verb (used with object), in·di·vid·u·al·ized, in·di·vid·u·al·iz·ing.
to mention, indicate, or consider individually; specify; particularize.
Also especially British, in·di·vid·u·al·ise.Related formsin·di·vid·u·al·i·za·tion, nounin·di·vid·u·al·iz·er, nouno·ver·in·di·vid·u·al·i·za·tion, nounun·in·di·vid·u·al·ized, adjective
Based on the Random House Unabridged Dictionary, © Random House, Inc. 2019
Examples from the Web for individualised
Historical Examples of individualised
It is only slightly conscious, for it is not individualised; all the same, it is precise in its nature.
Now, if the child is to be individualised, he must be well known, well studied.
The women are all well drawn and individualised—except the heroine.
As human beings we are individualised fragments of the great universal spirit.
And these individualised particles are supposed to move in an endless ocean of a vastly more subtle matter—the ether.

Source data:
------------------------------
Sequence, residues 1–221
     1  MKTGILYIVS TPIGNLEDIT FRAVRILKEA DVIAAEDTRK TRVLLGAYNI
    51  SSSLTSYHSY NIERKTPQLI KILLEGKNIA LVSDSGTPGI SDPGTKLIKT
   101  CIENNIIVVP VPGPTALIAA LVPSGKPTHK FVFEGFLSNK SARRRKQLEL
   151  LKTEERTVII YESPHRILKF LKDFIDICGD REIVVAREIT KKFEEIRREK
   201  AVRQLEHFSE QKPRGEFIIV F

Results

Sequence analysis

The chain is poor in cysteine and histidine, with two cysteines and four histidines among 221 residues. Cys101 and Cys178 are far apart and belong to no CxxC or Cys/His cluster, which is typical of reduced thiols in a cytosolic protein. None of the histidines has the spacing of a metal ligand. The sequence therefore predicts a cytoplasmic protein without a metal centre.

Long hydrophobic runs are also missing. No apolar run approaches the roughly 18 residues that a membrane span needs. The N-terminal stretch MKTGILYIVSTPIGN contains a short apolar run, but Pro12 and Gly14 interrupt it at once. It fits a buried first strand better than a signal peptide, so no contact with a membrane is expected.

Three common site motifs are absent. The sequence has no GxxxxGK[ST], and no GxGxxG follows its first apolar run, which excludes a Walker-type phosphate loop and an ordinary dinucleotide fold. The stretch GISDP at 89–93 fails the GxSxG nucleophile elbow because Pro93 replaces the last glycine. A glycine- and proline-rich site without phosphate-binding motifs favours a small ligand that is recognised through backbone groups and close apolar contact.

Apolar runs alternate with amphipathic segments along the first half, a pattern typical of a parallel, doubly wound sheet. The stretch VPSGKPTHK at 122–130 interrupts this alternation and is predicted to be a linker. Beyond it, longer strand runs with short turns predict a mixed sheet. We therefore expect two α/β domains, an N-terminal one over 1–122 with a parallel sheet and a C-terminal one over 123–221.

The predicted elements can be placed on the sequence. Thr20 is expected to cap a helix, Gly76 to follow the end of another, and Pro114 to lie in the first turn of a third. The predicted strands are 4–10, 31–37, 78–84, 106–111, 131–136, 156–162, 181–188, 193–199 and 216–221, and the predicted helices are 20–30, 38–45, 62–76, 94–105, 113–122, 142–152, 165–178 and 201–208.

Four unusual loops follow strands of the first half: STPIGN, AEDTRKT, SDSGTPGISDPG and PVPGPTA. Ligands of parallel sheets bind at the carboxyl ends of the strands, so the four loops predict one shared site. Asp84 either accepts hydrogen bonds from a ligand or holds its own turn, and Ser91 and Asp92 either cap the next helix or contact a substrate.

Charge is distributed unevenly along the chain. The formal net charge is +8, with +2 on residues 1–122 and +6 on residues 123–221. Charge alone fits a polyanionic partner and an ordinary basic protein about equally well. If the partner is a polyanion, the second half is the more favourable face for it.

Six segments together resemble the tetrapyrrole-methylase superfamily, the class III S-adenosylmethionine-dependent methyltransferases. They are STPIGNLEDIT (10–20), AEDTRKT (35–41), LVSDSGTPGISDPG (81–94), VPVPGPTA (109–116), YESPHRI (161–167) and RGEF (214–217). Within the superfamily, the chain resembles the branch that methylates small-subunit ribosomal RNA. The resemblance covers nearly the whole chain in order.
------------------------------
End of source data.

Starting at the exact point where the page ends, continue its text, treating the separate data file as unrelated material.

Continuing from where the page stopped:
British Dictionary definitions for individualised
Derived Formsindividualization or individualisation, nounindividualizer or individualiser, noun
to make or mark as individual or distinctive in character
to consider or treat individually; particularize
to make or modify so as to meet the special requirements of a person
Collins English Dictionary - Complete & Unabridged 2012 Digital Edition
© William Collins Sons & Co. Ltd. 1979, 1986 © HarperCollins
Publishers 1998, 2000, 2003, 2005, 2006, 2007, 2009, 2012
Word Origin and History for individualised
1650s, "to point out individually;" see individual + -ize. From 1837 as "to make individual." Related: Individualized; individualizing.
Online Etymology Dictionary, © 2010 Douglas Harper